He instantly nodded. “That’s true, I don’t want to know.”
She smiled. So, it does work as I expected it would….
With that, she took off the crown and placed it back into the box. Then she clasped hands and bowed her head toward Ruan. “Many thanks.”
He grinned. “It was nothing.”
It would have been difficult for the trip back to the stronghold to go any worse without it turning into a complete disaster. They got lost three times. They got caught in a torrential downpour twice. One of them lasted for three straight days. One of the horses broke a leg and had to be put down. Two disciples came down ill.
Bao almost wondered if it had something to do with the crown.
It got worse when they entered the forest, which was about the time that the final bout of rainfall set in. Because of the dark clouds, the choking rivers of mud, the fallen trees, and other such things, their path was almost determined for them.
It was one of the most miserable things Bao had ever experienced, and that included being kidnapped and locked in a cage.
Eventually they actually emerged from the forest itself, and found themselves on a hilly part of the mostly flat lands between Tung-on and Fan. For the time being they were content to be out of the forest, and simply set up camp and waited for the rain to pass.
When the rain clouds finally belched out the last raindrops, it was late in the evening. The stars came out, and the wind blew. The entire party breathed a sigh of relief, and Bao issued orders that everyone rest for the morning. They would set out at noon for the stronghold.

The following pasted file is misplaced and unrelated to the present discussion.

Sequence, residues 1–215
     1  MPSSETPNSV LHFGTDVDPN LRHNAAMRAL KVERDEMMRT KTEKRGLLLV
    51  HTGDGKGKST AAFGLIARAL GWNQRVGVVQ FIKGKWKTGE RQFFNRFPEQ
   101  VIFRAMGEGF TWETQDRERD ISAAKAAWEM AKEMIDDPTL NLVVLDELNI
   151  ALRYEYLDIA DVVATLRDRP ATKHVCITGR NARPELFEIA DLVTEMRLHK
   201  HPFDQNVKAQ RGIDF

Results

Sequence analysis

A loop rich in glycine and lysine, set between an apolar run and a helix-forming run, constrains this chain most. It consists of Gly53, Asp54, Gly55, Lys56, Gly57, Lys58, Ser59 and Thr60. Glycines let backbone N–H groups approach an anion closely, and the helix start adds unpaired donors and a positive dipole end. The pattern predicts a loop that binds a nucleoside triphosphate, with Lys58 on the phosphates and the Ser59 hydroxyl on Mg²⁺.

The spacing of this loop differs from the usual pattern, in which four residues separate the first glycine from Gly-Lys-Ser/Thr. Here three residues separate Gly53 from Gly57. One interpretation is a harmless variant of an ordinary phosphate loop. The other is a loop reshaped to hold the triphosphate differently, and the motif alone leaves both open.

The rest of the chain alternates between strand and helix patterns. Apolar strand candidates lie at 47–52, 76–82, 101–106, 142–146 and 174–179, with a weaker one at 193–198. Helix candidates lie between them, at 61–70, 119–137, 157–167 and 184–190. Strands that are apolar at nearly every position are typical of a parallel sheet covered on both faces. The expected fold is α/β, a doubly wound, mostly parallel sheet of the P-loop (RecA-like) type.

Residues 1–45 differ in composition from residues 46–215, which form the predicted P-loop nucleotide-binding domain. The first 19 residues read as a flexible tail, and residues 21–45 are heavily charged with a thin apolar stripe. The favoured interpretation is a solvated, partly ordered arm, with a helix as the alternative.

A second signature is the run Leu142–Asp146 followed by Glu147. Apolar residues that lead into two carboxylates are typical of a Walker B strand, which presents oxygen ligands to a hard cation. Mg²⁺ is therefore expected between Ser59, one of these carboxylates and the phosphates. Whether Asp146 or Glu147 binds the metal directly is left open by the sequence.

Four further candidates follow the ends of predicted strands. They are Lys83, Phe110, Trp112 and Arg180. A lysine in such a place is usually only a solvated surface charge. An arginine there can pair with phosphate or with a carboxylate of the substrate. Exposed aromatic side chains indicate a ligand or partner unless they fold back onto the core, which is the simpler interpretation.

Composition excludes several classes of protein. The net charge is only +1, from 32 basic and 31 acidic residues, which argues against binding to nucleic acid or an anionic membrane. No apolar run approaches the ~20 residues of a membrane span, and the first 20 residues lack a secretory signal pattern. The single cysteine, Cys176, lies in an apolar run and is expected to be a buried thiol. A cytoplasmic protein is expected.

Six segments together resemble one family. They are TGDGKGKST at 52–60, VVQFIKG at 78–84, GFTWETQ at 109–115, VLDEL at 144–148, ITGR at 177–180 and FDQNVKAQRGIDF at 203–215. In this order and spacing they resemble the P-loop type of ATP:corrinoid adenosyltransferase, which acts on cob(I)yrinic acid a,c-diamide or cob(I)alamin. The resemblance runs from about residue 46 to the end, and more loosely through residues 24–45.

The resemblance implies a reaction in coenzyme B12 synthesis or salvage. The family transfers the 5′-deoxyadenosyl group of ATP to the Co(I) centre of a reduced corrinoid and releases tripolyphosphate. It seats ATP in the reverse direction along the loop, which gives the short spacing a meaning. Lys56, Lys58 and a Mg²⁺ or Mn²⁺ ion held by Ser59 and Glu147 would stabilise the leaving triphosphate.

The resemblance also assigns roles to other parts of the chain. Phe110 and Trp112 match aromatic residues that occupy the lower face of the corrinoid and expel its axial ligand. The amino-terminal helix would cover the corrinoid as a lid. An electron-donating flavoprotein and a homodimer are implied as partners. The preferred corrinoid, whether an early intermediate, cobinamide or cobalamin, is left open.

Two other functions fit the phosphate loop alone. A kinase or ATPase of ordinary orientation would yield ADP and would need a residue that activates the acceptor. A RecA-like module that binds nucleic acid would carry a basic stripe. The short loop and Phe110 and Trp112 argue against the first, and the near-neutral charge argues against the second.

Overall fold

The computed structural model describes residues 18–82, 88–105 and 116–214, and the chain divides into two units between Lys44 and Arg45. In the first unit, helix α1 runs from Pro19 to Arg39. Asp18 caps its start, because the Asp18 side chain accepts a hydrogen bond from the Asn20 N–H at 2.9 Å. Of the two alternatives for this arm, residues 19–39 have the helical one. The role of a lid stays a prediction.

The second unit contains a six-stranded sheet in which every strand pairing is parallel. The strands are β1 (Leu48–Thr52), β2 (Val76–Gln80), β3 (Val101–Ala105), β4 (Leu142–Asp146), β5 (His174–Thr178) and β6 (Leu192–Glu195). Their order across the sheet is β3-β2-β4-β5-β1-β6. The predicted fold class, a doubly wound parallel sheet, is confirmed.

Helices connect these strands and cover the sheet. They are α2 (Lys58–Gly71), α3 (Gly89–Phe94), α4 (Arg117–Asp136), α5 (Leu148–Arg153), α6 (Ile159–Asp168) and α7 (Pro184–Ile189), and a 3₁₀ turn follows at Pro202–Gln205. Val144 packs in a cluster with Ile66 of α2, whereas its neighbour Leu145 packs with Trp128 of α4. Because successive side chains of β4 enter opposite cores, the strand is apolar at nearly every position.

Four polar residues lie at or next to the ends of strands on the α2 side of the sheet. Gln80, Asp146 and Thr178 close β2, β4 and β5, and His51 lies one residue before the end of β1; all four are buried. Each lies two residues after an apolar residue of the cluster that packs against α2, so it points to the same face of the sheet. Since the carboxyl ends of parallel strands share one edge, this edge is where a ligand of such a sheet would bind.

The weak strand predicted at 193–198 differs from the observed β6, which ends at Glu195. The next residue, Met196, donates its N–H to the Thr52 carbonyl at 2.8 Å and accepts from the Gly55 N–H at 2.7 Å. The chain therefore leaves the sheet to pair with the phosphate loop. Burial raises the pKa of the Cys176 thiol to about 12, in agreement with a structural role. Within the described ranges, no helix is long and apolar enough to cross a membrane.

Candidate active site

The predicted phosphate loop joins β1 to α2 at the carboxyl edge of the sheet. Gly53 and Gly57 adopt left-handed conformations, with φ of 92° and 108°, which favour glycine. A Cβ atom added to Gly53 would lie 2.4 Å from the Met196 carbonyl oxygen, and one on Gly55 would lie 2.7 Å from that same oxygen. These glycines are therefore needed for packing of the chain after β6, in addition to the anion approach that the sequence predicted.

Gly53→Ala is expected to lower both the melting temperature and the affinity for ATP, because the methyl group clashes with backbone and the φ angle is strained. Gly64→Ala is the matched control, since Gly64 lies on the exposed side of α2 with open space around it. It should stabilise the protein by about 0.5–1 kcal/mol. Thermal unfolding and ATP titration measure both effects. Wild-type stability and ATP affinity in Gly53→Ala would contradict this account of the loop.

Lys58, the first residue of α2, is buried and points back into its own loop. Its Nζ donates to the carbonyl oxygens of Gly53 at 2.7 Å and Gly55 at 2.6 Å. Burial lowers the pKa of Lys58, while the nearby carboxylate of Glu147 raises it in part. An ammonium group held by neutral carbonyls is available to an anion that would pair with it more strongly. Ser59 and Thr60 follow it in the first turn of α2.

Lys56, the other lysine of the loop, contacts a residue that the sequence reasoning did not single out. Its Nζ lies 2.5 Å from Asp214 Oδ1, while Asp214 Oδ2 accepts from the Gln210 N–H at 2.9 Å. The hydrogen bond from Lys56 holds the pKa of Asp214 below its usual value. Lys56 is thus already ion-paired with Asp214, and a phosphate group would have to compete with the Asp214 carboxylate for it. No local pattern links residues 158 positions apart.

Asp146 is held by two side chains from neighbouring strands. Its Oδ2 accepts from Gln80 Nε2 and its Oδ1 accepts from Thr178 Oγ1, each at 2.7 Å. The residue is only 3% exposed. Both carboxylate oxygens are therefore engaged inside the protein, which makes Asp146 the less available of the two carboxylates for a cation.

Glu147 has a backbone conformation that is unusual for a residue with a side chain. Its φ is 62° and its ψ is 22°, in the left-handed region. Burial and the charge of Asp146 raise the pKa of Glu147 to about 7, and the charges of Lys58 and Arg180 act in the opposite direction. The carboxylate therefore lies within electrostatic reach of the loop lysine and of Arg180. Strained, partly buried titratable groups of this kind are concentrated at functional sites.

The following morning after breakfast, a scout was sent out as usual. When he came galloping back into camp less than ten minutes later, Bao’s heart started to pound.
“Chieftess,” the scout said, “there’s a large force on horseback, just to the east. Only a few hills that way.” He pointed in the general direction. “They’re definitely Demon Emperor soldiers.”
“What were they doing?”
“Nothing at the moment, just sitting there. Looks like they were doing the same thing we were, camping out the rain.”
Bao bit her lip. It could be nothing, just a patrol or something. But he said a large force. “How many were in this large force?”
“About fifty, Chieftess.”
That’s no patrol, it’s more like an army.
“I want to take a closer look. Mao Yun, you stay here, get the men ready to move. I’ll be back shortly.” Looking at the scout, she said, “You lead the way.”